Surrender to Your Emotions

Remembering the Legendary Leonard Cohen

Tami Bulmash
Nov 7, 2019 · 4 min read
Photo by Philippe Huard on Pexel

I am not the one who loves
It’s love that chooses me.
When hatred with his package comes,
You forbid delivery.

— Leonard Cohen

Weaving wisdom with lament, Cohen created a space for kindred spirits finding comfort in his sweet songs of sorrow. With a soft and soothing baritone, he imparted tales of love and loss, light and darkness, life and death.

Born in 1934 to a middle-class Jewish family, Cohen would become one of Canada’s greatest prodigies. Though he began his career as a poet, he became one of the most venerated singer-songwriters of all-time.

Cohen’s music career developed in the sixties, quickly gaining acclaim and a cult following. But as the years went by, the tumultuous lifestyle on the road took a toll on him.

He would come to forge a relationship with Buddhism. In a Zen monastery in Los Angeles, Cohen would meet one of his greatest influences, Zen Master Kyozan Joshu Sasaki, or Roshi.

If it be your will
That I speak no more
And my voice be still
As it was before
I will speak no more
I shall abide until
I am spoken for
If it be your will

— Leonard Cohen

“Roshi and I were drinking a very good, very powerful Chinese liquor. Roshi was dozing off, and I didn’t think he was terribly interested in the recording process. But the next morning over breakfast, I asked morning over breakfast, I asked him what he thought. He said, “Leonard, you should sing more sad.” He meant for me to surrender to the emotions. To accept it.”

Cohen has described this as one of the decisive moments in his life. Rather than conform to a style that was popular but inauthentic, Cohen listened to his mentor. Roshi helped Cohen dig deeper into who he was, not who he thought he should be.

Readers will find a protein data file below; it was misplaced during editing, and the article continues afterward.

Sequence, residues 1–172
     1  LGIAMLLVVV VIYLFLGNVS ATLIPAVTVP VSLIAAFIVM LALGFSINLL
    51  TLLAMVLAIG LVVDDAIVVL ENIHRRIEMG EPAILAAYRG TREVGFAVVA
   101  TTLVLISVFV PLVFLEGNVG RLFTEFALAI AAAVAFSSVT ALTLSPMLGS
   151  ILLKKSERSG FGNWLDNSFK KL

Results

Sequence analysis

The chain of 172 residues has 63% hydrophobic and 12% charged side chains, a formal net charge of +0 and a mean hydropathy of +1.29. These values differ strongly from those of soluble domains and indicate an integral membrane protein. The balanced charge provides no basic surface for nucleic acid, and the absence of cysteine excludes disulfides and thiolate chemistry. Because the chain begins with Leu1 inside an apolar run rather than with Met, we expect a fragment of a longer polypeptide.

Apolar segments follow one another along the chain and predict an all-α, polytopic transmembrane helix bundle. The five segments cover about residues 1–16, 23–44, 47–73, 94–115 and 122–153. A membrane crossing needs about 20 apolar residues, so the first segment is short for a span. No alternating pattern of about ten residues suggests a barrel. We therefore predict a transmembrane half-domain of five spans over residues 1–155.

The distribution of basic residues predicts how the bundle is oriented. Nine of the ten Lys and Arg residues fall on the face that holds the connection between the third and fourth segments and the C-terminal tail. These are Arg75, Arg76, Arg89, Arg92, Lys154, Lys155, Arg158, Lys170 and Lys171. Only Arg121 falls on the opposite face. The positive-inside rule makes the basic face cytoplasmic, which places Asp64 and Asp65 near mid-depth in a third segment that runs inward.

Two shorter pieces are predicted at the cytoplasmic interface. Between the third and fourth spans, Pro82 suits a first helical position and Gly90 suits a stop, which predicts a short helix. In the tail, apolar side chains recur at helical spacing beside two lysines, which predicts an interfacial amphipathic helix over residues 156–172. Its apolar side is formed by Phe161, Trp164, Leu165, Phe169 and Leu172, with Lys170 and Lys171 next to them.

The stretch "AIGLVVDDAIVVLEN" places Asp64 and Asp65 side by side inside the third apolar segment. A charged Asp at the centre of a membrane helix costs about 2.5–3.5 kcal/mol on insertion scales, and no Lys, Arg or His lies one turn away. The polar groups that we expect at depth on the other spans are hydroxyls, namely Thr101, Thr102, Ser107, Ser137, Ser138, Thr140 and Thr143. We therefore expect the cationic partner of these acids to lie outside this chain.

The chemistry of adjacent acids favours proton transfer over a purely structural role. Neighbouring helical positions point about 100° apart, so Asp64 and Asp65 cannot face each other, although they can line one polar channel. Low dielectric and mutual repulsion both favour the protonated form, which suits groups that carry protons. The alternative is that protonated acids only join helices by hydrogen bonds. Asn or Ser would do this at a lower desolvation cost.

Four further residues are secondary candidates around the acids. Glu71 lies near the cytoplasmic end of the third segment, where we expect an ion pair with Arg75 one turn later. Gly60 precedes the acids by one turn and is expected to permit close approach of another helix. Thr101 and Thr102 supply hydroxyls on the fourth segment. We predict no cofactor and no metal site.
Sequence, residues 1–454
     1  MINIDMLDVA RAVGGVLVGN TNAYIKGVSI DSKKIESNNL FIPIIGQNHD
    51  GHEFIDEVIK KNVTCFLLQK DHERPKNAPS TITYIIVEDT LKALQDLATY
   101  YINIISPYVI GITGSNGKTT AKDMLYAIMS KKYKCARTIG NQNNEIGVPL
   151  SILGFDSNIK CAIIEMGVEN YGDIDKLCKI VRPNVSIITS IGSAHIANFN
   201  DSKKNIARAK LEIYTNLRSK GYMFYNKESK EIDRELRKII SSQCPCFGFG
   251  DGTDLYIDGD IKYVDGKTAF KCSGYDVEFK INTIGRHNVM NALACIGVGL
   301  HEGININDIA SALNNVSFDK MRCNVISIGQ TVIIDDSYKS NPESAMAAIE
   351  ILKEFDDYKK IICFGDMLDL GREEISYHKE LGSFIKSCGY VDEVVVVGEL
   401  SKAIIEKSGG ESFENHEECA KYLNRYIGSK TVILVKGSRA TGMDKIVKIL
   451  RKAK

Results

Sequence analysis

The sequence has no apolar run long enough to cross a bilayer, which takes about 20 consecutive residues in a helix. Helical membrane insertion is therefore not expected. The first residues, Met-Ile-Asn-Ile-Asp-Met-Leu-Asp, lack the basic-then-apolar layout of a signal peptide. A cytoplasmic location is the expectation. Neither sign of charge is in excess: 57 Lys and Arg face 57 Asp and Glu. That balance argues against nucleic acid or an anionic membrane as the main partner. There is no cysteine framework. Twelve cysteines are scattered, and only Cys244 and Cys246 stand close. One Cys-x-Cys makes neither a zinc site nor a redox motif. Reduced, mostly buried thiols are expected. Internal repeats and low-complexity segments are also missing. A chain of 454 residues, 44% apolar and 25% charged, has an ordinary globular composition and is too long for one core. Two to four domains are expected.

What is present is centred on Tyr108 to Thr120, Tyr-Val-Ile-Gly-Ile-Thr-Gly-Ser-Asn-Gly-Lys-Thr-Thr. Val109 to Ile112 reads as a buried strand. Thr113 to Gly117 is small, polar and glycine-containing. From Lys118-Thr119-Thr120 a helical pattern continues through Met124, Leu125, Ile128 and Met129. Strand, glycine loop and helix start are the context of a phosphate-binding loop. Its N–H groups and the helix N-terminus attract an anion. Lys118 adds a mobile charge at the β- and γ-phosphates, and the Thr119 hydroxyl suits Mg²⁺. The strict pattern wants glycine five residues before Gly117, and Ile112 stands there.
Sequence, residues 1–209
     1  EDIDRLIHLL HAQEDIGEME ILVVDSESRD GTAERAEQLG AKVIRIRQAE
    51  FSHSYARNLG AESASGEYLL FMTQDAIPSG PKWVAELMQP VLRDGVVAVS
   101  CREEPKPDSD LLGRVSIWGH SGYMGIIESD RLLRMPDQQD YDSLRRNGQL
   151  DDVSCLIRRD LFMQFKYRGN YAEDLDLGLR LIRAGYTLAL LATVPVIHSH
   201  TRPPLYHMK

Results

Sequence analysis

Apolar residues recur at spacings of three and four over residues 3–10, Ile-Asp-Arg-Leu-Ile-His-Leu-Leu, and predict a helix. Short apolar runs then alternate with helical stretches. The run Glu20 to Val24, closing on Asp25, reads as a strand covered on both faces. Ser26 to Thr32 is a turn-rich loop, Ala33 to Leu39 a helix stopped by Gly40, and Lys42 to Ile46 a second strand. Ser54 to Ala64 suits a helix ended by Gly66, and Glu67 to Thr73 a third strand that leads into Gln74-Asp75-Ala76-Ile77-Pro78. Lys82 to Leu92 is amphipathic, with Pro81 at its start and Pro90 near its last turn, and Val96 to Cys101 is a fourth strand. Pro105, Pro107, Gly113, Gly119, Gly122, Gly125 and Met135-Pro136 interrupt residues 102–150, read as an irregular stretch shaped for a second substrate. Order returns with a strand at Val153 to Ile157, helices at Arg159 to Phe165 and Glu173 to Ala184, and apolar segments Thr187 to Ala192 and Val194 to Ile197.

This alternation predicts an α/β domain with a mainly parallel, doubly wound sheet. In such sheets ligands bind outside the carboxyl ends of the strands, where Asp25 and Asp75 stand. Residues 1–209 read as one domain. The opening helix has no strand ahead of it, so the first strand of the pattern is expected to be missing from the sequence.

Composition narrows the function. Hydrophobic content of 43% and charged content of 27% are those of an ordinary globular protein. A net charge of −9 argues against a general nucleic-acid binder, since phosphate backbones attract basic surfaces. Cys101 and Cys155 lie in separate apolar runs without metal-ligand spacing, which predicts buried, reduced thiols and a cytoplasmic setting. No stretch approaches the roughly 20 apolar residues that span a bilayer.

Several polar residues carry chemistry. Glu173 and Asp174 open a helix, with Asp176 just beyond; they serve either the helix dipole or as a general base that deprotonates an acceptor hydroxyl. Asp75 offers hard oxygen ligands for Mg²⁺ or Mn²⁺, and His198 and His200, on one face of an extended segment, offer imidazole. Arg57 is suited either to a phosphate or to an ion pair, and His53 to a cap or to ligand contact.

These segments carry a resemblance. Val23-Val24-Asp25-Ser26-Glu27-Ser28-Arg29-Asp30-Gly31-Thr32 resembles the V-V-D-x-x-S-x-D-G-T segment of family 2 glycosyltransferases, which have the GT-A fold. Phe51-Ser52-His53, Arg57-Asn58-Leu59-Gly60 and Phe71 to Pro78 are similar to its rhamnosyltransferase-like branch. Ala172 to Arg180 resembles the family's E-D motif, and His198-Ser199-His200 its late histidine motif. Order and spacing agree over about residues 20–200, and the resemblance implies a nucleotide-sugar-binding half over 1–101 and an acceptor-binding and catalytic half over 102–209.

Like a bird on the wire
Like a drunk in a midnight choir
I have tried in my way to be free

— Leonard Cohen

Perhaps this is why his music penetrates the hearts of millions of people across the globe. Cohen consistently delivers unapologetic morose, creating a pathway of healing for those wishing to surrender to emotion as well.

And it’s not a cry that you hear at night
It’s not somebody who’s seen the light
It’s a cold and it’s a broken Hallelujah

— Leonard Cohen

A magical evening it was. A collective energy of love and light emanating from the crowds. I stood beside one of my dearest friends, Manoli, as we took in the magnitude of this amazing moment in time.

As we sang with him and cried with him, we felt one with him. Through the tears of his prayer, If It Be Your Will, covered by the ethereal Webb sisters, to his immortal, Hallelujah, we stood in gratitude for this time with him.

Throughout my life, Leonard Cohen was like a faithful friend whose foresight shed light on the inexplainable — the unanswerable. Cohen’s permeating prose helped me tap into my own sadness over and over again. Rather than judge or push it away, I enjoyed the validation his admission afforded me.

I danced to Leonard Cohen’s music on vinyl records as a child, not knowing what the lyrics meant but understanding that they somehow moved me. I later danced to his words of love at my wedding, this time, recognizing and appreciating the incredible journey of song he let me be a part of.

Though he may no longer be with us in body, may his spirit forever dance to the end of love.

Lift me like an olive branch and be my homeward dove
Dance me to the end of love

— Leonard Cohen

The Partnered Pen

MPP friends writing about life, love, and everything else in between together.

Tami Bulmash

Written by

Author of iPosture: A Closer Look at the Lifestyle Practices of Children and coauthor of Amazon bestseller Heart & Soul. More at

The Partnered Pen

MPP friends writing about life, love, and everything else in between together.

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